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Prevalence of nontyphoidal Salmonella serogroups and their antimicrobial resistance patterns in a university teaching hospital in Eastern Province of Saudi Arabia

Authors Elhadi N, Aljindan R, Aljeldah M

Received 7 July 2013

Accepted for publication 16 August 2013

Published 22 November 2013 Volume 2013:6 Pages 199—205


Checked for plagiarism Yes

Review by Single anonymous peer review

Peer reviewer comments 3

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Nasreldin Elhadi,1 Reem Aljindan,2 Mohammed Aljeldah1

1Department of Clinical Laboratory Science, College of Applied Medical Sciences, 2Department of Microbiology, College of Medicine, University of Dammam, Dammam, Saudi Arabia

Background: Nontyphoidal Salmonella (NTS) species are important food-borne pathogens that cause gastroenteritis and bacteremia, and are responsible for a huge global burden of morbidity and mortality. The aim of this study was to investigate the prevalent serogroups and antibiotic resistance of NTS in our region.
Methods: We reviewed the serogroup distribution and antimicrobial susceptibility patterns of NTS strains obtained from 158 stool specimens of patients with acute diarrheal infection attending the outpatient and inpatient department at a university hospital in the Eastern Province of Saudi Arabia in the period from September, 2008 to April, 2011. A retrospective analysis of the 158 patients with NTS infection was conducted to determine the most prevalent NTS serogroups causing acute gastroenteritis and their antimicrobial susceptibility patterns.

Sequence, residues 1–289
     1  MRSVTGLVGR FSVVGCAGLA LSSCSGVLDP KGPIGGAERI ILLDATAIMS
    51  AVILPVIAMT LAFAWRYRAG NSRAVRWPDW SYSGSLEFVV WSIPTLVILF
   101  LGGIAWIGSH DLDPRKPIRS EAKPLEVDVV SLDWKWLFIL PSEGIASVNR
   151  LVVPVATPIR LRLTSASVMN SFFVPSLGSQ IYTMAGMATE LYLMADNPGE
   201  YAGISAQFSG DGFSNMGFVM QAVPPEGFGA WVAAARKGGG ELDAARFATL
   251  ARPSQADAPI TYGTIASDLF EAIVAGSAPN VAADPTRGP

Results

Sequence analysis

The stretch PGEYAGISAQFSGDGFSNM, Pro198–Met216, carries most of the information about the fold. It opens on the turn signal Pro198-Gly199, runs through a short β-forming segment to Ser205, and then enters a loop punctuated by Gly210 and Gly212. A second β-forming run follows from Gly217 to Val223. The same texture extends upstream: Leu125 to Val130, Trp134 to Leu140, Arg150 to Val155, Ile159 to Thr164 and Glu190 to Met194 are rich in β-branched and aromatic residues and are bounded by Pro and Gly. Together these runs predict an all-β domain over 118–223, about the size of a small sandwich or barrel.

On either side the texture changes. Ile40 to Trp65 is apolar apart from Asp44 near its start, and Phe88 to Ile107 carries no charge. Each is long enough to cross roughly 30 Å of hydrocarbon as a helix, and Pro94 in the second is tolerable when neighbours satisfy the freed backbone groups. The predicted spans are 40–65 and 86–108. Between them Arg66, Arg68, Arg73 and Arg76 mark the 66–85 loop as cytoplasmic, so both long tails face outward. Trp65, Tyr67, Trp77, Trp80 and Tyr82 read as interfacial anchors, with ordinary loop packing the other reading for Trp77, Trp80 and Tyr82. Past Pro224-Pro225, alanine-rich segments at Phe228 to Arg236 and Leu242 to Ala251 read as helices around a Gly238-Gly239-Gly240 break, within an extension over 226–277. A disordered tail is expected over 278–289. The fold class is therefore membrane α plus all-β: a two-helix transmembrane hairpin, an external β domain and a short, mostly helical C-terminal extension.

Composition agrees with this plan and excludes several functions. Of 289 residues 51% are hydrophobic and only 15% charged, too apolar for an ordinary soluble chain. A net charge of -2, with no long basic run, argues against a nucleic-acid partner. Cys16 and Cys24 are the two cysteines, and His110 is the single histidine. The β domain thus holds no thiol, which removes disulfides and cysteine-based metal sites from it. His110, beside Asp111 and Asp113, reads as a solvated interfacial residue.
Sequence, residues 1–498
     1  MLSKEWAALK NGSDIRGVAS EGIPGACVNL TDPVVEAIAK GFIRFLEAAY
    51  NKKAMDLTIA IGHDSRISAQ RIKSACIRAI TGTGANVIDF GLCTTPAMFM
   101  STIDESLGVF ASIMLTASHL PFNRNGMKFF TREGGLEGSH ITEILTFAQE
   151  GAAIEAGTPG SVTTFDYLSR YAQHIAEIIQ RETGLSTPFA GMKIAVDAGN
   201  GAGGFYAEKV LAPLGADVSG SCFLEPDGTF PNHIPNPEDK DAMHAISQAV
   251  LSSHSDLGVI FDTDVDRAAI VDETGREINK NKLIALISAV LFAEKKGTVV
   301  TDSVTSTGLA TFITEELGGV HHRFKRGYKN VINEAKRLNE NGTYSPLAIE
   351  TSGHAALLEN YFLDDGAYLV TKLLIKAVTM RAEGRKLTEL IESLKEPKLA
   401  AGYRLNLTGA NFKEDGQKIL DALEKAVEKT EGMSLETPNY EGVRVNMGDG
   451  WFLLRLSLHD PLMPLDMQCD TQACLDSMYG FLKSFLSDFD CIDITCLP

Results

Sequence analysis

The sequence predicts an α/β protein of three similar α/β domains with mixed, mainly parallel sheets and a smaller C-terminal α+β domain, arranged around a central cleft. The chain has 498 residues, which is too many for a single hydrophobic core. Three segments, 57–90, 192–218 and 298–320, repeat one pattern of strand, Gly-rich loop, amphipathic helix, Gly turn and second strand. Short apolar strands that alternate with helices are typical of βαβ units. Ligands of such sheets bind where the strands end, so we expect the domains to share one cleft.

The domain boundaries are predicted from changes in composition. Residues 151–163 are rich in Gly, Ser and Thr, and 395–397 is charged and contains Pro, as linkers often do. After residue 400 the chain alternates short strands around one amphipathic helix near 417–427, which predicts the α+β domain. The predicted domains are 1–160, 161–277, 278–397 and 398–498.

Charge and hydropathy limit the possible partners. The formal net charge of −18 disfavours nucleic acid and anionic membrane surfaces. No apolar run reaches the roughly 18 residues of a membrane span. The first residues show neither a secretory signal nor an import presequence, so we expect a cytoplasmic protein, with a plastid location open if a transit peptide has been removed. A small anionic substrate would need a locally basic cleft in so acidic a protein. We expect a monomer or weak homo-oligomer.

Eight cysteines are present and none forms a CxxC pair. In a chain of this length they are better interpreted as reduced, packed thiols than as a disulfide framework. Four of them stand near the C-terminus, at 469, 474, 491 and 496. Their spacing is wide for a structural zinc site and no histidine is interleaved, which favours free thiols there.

Results: At this teaching hospital, a total of 17,436 fecal samples were analyzed during the 2008–2011 study period. Of these specimens, 158 tested positive for NTS, giving an overall prevalence of 9.06 per 1,000. Of 158 NTS cases, serogroup D1 (25.3%) was the most prevalent, followed by serogroup B (19.6%), and serogroup C1 (18.9). One third of all NTS serogroup strains tested were resistant to tetracycline. The NTS strains showed resistance to ampicillin (31.3%), amoxicillin/clavulanic acid (29.9%), trimethoprim/sulfamethoxazole (20.9%), and cefotaxime (14.93%).
Conclusion: The findings of this study support the concern that use of antibiotics in animal feeds may contribute to acquisition of resistance in food-borne bacteria, such as Salmonella. Our study also concludes that the prevalence of NTS in the Eastern Province of Saudi Arabia is very low compared with other studies worldwide.

Keywords: nontyphoidal Salmonella, serogroups, prevalence, antimicrobial resistance, Saudi Arabia

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